scott.kirby.752 - 2012-05-28 20:52

      It's impossible to say dark matter exists or not because no-one knows what it is... Is just a theory(there's that word again) to explain observed phenomena and unlike religiots scientists are more than happy to say they don't have a clue. Then build these immense projects to gain a better understanding.

      sycomachinery - 2012-05-29 07:37

      I agree, if dark matter exited they would have found it by now, I think the scientists should check their math.

  • nicolette.kapp - 2012-05-28 18:16

    So much for this thing???? R50 for The Bible... Just sayin! If u make this thing, stop complaining about money for unemployment, health issues, corruption and poverty, because clearly you have enough money. God bless

      zaatheist - 2012-05-28 19:12

      And another Luddite.

      scott.kirby.752 - 2012-05-28 20:57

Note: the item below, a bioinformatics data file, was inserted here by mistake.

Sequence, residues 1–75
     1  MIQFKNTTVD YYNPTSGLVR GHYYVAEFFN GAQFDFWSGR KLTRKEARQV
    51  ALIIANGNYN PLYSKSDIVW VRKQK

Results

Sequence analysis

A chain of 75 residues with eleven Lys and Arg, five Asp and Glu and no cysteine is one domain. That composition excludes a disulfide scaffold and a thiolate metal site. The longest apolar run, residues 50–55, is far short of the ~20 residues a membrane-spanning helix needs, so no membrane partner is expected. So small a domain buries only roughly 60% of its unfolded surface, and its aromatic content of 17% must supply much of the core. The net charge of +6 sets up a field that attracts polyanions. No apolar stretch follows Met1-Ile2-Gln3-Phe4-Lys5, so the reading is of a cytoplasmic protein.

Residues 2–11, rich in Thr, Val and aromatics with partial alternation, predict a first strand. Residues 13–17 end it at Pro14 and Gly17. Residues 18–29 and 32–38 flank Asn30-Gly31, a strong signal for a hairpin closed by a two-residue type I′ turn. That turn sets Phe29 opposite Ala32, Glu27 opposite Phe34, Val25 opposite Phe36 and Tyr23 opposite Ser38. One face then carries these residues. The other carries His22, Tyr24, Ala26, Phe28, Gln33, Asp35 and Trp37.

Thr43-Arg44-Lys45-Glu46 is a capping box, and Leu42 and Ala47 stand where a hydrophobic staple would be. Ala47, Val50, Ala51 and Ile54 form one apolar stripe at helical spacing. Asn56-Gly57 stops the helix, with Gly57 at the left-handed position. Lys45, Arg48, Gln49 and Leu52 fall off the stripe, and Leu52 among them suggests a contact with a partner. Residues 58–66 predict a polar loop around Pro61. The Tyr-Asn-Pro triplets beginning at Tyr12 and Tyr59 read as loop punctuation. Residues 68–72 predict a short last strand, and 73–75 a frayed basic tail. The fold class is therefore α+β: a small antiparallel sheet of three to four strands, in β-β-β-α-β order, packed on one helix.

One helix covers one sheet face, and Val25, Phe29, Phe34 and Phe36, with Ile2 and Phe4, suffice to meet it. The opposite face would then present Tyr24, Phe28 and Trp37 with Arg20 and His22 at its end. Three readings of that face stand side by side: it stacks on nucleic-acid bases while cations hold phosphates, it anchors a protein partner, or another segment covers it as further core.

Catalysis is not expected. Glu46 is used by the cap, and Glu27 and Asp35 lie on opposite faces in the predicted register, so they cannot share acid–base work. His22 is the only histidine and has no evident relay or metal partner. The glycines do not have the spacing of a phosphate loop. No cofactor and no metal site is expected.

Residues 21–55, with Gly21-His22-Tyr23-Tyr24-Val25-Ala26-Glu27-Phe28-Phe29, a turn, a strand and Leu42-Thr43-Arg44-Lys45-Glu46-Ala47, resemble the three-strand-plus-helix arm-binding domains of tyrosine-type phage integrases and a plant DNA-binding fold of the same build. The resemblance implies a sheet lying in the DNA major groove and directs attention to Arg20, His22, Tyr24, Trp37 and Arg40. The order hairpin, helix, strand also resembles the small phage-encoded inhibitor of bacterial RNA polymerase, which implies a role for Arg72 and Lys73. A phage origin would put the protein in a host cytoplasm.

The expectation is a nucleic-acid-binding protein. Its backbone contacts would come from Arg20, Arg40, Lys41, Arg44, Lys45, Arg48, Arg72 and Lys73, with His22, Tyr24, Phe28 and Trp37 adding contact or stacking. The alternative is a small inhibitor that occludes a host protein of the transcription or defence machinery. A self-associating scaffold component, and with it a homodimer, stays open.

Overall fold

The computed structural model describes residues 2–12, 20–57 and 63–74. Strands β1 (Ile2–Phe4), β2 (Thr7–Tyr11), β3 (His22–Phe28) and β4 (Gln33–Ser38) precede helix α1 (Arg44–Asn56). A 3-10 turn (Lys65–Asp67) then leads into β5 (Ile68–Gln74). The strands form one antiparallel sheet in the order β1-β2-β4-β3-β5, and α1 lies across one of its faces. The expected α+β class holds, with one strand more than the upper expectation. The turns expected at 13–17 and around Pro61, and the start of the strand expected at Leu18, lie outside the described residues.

People like you drive me scats, I'm sure when they were designing the first particle accelerators you would have moaned about the cost. But without them, no MRI's no CT scans, and how many lives have they saved?? First electron microscopes, must be a waste of money but without them our knowledge of semiconductors would be limited and woah no computers. And why should we go into space, huuuuge waste of money.. But without those pioneers no DSTV, no weather information etc etc etc... Great thing is we have no idea what discoveries could be made by the SKA and that for me is bloody fantastic!!!!

      Clive.D.Buckley - 2012-05-29 07:38

      R50 for a Bible you say??? So it is very nearly cheaper than a bag of charcoal... not quite there yet, but when that day comes, you are gonna see the bible hit the best sellers list again :)

  • Clemons - 2012-05-31 22:21

    Dark Matter is one key to unlocking the universe secrets. SKA is just one more thing in helping us to understand our universe. Cool

  • Clemons - 2012-05-31 22:25

    SKA is key to unlocking the universe mystery. This well help in understanding dark matter more and also help with mapping it better. Cool.